Starting recovery from addiction is a big and consequential decision. It involves stepping away from your life to deal with a problem (addiction) that may be affecting everyone and everything within it. It requires you to be vulnerable, and there may be discomfort in learning the underlying reasons for your addiction.

This is why you should be proud of yourself for choosing to enter rehab. Everyone who works at rehabs is there to help you build your new life. This guide will help you learn more about what to expect in this important step of your recovery.


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What is Rehab?

“Rehab” is short for drug abuse rehabilitation, which is a program designed to help people recover from drug addiction. It can include education about addictive substances, learning life skills, and sometimes holistic treatment programs such as yoga or hiking. Some programs include medication-assisted treatment or detox programs to assist in helping someone safely come out of severe addiction.

Types of Rehab programs

There are a few underlying components in each type of rehab program, including individual therapy, group therapy, and support groups. But there are many options available for those seeking treatment.

This is a form of inpatient treatment that involves an individual living full-time at a recovery center for a designated period. Residential programs, such as 90-day addiction treatment programs, are purposefully designed to help individuals take a step back from life to focus on their own recovery.

If you’re concerned about your addiction but have important obligations (such as a job or caring for children), there is still hope for recovery. Outpatient treatment is designed to provide recovery programs at reasonable times to provide support for busy people who still want to work on their recovery. These programs are often longer than inpatient programs, often lasting six months to a year.

If someone wants to continue their treatment after rehab, or wants something more intensive than a regular outpatient treatment for their addiction, intensive outpatient treatment provides a perfect medium. Participants can attend school or go to work while completing this program. The inherent flexibility of the program is ideal for those with more severe addictions, and can last from several weeks to months.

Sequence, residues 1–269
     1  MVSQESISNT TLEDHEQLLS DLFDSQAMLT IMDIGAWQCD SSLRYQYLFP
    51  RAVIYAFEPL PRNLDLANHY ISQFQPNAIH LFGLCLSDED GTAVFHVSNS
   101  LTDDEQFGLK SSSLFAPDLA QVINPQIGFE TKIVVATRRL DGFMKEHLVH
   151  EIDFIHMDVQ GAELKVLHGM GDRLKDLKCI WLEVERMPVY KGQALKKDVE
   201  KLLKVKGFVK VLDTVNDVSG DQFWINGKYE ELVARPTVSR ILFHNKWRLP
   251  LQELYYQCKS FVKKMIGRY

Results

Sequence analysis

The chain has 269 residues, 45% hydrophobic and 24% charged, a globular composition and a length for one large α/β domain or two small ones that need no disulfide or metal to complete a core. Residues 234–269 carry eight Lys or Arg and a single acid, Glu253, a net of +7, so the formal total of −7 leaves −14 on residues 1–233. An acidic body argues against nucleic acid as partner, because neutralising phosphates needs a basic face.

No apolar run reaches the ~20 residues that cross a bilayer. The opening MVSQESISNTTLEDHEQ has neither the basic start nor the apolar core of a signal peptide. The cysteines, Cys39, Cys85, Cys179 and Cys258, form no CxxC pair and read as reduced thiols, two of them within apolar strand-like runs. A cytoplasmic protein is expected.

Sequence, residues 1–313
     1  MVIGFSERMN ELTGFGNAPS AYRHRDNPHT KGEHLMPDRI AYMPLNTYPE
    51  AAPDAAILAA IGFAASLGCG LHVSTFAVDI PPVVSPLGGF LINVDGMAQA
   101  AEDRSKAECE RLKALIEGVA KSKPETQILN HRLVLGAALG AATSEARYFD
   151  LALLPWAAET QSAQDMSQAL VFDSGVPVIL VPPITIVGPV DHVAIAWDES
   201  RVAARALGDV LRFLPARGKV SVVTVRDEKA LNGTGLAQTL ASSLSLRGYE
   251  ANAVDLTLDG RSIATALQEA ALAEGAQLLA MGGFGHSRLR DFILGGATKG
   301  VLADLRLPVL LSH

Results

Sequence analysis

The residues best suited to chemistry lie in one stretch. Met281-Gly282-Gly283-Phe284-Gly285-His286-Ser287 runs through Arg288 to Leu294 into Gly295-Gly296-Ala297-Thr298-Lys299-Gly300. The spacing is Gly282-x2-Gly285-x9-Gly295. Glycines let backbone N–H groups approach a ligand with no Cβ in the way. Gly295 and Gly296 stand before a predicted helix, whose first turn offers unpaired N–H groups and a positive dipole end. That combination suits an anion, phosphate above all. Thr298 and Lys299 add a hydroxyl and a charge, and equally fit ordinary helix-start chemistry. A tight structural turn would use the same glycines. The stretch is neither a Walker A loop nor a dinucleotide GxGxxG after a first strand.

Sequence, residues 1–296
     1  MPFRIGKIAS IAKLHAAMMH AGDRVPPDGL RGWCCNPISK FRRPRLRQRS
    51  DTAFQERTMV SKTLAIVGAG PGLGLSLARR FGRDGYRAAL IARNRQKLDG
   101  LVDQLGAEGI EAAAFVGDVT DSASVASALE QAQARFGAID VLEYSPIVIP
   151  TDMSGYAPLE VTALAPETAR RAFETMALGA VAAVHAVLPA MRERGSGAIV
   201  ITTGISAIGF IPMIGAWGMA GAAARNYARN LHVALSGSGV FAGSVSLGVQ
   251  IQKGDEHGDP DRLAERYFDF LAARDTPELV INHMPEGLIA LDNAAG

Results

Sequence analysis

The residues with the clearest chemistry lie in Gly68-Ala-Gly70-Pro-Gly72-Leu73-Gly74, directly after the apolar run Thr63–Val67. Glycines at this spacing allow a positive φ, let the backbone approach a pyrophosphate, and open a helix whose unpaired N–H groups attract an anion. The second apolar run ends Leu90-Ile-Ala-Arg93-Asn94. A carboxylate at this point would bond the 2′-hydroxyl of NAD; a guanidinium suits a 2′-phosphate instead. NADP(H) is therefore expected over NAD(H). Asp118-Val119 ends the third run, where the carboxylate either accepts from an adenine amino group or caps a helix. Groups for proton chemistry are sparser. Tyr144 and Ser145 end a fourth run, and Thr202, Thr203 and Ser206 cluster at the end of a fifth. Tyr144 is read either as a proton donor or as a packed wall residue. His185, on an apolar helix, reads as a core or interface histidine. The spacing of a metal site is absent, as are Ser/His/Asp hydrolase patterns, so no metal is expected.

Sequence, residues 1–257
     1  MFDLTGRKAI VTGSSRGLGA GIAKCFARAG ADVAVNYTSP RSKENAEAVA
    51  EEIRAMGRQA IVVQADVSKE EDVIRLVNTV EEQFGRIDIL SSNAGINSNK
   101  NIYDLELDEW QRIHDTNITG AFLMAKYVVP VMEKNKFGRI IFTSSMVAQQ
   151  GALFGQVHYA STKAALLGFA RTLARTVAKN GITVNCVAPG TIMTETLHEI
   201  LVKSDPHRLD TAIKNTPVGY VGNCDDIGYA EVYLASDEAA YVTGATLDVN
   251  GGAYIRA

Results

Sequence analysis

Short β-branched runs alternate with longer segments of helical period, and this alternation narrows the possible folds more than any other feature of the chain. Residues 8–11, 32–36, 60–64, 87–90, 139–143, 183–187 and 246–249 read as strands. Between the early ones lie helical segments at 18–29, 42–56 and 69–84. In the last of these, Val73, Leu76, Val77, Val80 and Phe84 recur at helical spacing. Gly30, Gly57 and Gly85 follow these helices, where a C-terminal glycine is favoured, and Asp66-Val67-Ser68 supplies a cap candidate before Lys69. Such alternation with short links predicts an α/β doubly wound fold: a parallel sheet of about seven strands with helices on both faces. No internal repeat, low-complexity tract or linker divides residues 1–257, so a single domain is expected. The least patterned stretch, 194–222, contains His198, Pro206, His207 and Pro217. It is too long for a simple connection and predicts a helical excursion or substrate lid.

When Should You Consider Going to Rehab?

If you feel your addiction is growing out of your control, and you need outside assistance and guidance to overcome it, you may benefit greatly from rehab. If you’re being told by multiple people in your life that you should consider rehab, it may be very worth considering.

Health insurance may be able to cover some or all of the cost of rehabilitation. This may be influenced by if you have a dual diagnosis of both addiction and a mental illness. 1 in 15 American adults fit this classification, and so it’s imperative to address the effects of both while trying to achieve sobriety.


What Is a Typical Day in Rehab Like?

The primary function of rehab is to provide structure and routine after a chaotic pattern of addiction. Healthy living is the entire point, and the experience is tailored around keeping the individual working on their recovery.

At Crestview Recovery, individuals start the day with a healthy breakfast. Mornings are spent in meetings, such individual counseling or group therapy. Specialized therapy, such as trauma therapy or family therapy, takes place after lunch. Evenings are spent doing quiet activities (such as reading or journaling), and ensuring that individuals get enough healthy sleep. Activity breaks take place throughout the day to keep your mind stimulated and promote healing.

What Treatments Are Available in Rehab?

When most people say they’re “going to rehab,” it’s typically in reference to inpatient drug addiction treatment. But rehab doesn’t only focus on detox. Holistic healing is about learning how to live a life without substances, and usually involves different approaches for each person.

Treatments you may encounter in rehab include:

  • Family therapy: Addiction affects not only the addicted person, but all of their connections. Undergoing family therapy and healing those relationships can go a long way toward maintaining sobriety into the future.
  • Cognitive-Behavioral Therapy (CBT): Rising in popularity over the years, cognitive-behavioral therapy focuses on identifying thought patterns and beliefs that may be harmful. Individuals work with therapists to come up with strategies that can work against those thoughts so the individual can maintain sobriety.